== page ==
Consumers’ interest in bitcoin grew when Achieva credit union permitted third-party services to make bitcoin purchases; before completely integrating bitcoin services into its app. The credit union has now become the first in Florida to allow customers to get access to cryptocurrency services.
Customers of Achieva could only make bitcoin trades through third-party applications previously. Tracy Ingram, chief digital and infrastructure officer at Achieva, clarified that integrating the service into the credit union’s proprietary app would give a greater level of access to its customers.
According to Ingram, the company’s customers have traded $2.6 million in cryptocurrencies using third-party apps during the last year.
Ingram said, “They’ll come in, they’ll call and ask, ‘What are we doing? What should we look at? There are a lot of consumers out there who are crypto-curious, and that’s no different for our members. They’re really looking for information and education about, ‘What is cryptocurrency? How does it all work?’”
Achieva partners with NYDIG
According to a Wednesday report from the Tampa Bay Times, the app came live on Tuesday as a result of a cooperation with bitcoin bank NYDIG, which specialises in integrating traditional financial infrastructure into the bitcoin ecosystem.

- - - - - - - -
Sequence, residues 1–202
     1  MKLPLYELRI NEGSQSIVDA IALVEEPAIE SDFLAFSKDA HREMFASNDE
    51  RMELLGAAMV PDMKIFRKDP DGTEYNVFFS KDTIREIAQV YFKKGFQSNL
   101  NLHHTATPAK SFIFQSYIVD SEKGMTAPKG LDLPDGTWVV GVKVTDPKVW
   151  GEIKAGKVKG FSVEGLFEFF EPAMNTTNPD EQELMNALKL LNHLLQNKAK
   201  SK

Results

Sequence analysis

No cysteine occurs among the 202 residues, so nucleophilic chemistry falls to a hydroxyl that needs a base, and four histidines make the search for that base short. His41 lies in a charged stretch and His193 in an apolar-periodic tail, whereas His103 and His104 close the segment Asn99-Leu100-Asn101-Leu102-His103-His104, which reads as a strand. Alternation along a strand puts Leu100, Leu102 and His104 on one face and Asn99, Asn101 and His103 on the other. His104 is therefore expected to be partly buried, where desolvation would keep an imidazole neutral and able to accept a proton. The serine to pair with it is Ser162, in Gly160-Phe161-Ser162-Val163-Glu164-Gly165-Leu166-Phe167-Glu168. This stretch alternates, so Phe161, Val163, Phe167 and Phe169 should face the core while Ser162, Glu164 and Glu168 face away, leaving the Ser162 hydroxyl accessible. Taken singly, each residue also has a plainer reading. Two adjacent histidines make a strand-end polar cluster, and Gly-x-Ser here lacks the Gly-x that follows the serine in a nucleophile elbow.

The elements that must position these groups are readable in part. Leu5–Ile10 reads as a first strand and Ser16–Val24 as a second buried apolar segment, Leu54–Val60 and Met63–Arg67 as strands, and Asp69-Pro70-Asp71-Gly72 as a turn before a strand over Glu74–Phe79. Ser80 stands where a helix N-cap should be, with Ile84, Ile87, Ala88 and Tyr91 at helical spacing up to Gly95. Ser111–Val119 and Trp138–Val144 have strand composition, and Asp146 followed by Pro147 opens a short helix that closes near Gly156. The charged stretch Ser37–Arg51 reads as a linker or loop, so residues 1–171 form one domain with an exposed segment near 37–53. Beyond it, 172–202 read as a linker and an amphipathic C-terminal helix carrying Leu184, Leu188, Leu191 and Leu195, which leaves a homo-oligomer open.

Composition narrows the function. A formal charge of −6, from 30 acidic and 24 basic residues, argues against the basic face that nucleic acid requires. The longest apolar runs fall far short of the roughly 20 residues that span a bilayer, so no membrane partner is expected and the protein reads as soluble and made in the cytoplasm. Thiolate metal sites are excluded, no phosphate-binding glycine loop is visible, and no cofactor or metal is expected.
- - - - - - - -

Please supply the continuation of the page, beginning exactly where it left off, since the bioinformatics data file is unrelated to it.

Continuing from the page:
Achieva gave staff $10 to buy Bitcoin as part of an education and training drive leading up to the app’s debut, with NYDIG contributing another $5. Members can gain $5 in Bitcoin if they join up for a crypto account through Achieva and NYDIG during the app’s initial deployment.
The app charges a 2% service fee for bitcoin transactions, and Achieva points out that crypto assets or transactions are not insured by the National Credit Union Administration, which is equivalent to the Federal Deposit Insurance Corporation for banks.
NYDIG currently only works with Bitcoin, but Ingram says the company is looking to expand. He also says the company is keeping an eye on any future laws that would regulate the cryptocurrency market and will change its programmes accordingly.
“From a compliance regulation standpoint, that’s always part of our focus, of really ensuring that we are working with those experts who know what’s coming,” she said.